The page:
Timing
The intention of sharing the information should always be to help, not hurt. Those who receive it don’t have to take every bit of it as the gospel truth, but being open to hearing

It can make you cringe to hear that people have made poor choices in execution because they were nottold what to avoidas well as advice about what to do when working to improve their ‘difficult conversation’ skill set.So learn from the mistakes of omission that have been made by others:

  • Time and Place – Don’t call to deliver that honest conversation late at night, while people are on their way to work in the morning, or night or just before a major presentation. Do give some thought to when the conversation should take place and where. The goal should be to consider when and where they can cope with hearing the information rather than when it’s good for you to give it.)
  • Worst Case – Think about what might be a worst-case scenario after you say what needs to be said. Once you imagine and prepare for that, you are ready. Many people fear a strong emotional reaction in others so allow that there may be tears or anger. A full box of tissues or some time to regain composure is appreciated and allows you to work through the discussion.
  • Script – Don’t search for the best words during an important conversation. A few key phrases can help you feel both prepared and in control. Spend time creating the concise wording of key phrases that support your goals for the outcome of a good improvement feedback session.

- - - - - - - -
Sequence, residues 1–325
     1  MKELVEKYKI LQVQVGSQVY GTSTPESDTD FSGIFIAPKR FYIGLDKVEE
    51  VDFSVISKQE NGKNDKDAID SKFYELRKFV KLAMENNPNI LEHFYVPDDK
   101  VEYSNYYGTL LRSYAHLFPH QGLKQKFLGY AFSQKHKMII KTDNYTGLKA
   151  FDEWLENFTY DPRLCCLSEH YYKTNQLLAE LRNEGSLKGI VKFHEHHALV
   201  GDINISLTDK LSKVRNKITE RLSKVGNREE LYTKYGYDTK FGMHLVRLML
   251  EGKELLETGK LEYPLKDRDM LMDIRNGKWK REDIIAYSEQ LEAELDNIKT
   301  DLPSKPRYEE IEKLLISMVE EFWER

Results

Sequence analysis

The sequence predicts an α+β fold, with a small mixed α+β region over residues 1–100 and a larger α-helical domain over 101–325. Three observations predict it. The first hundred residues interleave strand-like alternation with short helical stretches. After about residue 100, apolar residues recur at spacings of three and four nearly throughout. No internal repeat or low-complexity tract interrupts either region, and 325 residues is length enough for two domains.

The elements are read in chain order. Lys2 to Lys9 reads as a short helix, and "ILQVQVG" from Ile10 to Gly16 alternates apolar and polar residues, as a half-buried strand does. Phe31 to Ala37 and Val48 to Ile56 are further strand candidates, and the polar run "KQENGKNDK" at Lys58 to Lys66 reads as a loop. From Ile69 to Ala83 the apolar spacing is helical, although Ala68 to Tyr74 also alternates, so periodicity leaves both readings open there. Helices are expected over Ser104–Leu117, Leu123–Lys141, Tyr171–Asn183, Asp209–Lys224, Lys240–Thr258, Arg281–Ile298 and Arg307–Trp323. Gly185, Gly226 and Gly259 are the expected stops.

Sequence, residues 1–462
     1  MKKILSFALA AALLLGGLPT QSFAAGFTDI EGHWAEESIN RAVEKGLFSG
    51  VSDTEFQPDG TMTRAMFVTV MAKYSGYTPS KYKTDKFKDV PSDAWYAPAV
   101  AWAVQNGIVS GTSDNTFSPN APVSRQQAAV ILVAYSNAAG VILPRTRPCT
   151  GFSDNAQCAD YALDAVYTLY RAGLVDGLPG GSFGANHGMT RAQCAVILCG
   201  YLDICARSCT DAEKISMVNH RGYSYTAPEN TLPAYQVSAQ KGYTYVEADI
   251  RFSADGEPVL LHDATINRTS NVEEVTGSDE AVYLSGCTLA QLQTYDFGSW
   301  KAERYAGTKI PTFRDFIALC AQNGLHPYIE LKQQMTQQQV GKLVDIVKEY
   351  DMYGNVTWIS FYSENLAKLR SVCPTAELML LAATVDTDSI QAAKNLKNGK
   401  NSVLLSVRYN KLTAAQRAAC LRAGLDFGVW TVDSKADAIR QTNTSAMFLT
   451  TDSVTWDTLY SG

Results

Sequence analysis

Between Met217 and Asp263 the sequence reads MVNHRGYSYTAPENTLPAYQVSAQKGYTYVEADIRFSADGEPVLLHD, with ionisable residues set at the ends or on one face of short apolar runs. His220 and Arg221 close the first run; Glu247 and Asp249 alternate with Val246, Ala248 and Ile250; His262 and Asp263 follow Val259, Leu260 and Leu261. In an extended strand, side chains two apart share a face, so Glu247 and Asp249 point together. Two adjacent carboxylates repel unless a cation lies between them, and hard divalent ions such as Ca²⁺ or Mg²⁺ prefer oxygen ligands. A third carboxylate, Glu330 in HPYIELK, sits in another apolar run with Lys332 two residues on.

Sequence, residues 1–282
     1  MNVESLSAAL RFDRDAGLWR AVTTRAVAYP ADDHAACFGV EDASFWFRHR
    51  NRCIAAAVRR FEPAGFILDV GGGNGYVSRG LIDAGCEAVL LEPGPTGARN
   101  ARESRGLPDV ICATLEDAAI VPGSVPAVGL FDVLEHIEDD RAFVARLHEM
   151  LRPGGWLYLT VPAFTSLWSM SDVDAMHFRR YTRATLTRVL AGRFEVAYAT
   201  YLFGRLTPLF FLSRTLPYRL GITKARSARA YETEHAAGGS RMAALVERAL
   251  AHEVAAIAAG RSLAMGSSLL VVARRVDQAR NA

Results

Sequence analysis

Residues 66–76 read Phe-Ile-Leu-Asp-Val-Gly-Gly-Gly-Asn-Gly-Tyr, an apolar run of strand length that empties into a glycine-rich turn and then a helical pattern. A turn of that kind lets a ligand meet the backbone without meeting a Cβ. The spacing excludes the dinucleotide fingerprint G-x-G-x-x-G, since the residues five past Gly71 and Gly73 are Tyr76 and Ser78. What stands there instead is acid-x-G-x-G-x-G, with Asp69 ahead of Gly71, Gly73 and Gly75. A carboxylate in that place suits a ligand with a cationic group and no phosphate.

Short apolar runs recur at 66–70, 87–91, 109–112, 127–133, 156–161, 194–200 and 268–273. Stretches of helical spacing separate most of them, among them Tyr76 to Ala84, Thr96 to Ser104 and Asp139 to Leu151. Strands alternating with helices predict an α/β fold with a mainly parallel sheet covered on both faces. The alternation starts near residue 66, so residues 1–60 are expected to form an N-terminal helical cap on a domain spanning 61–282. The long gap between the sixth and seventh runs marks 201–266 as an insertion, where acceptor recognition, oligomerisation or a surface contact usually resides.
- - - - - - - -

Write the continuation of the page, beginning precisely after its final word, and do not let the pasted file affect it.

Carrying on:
• Groundwork – Don’t jump in without any warning. Even a little set up is better than none at all. Tell the person that you have something to tell them. Admit that it is difficult (to tell and to hear).
  • Stick to the Facts –Try doing that. Describe the situation and talk about what has happened. Avoid being evaluative. Don’t talk about blame or fault.
  • Not About You – Sometimes the truth can set you free, but sometimes it’s just painful to hear. Avoid the impulse to defend yourself (or anyone else), point fingers, or shift blame, Try not to “fight back,” make excuses, or educate them about why you are not the ‘bad guy.’ Just listen.


Honesty isn’t for everyone. Hiding out, skirting the issue, dropping hints – all seem much easier. As long as you are willing to continue those behaviors forever – which is a daunting strategy.

Joni Daniels is Principal of Daniels & Associates, a management training and development consulting practice that specializes in developing human resources in the areas of leadership and management training, interpersonal effectiveness and efficiency, skill- building, and organizational development interventions. With over 25 years of experience, she is a sought after resource for Fortune 500 clients, professional organizations, higher education, media outlets and business publications. Joni can be reached at http://jonidaniels.com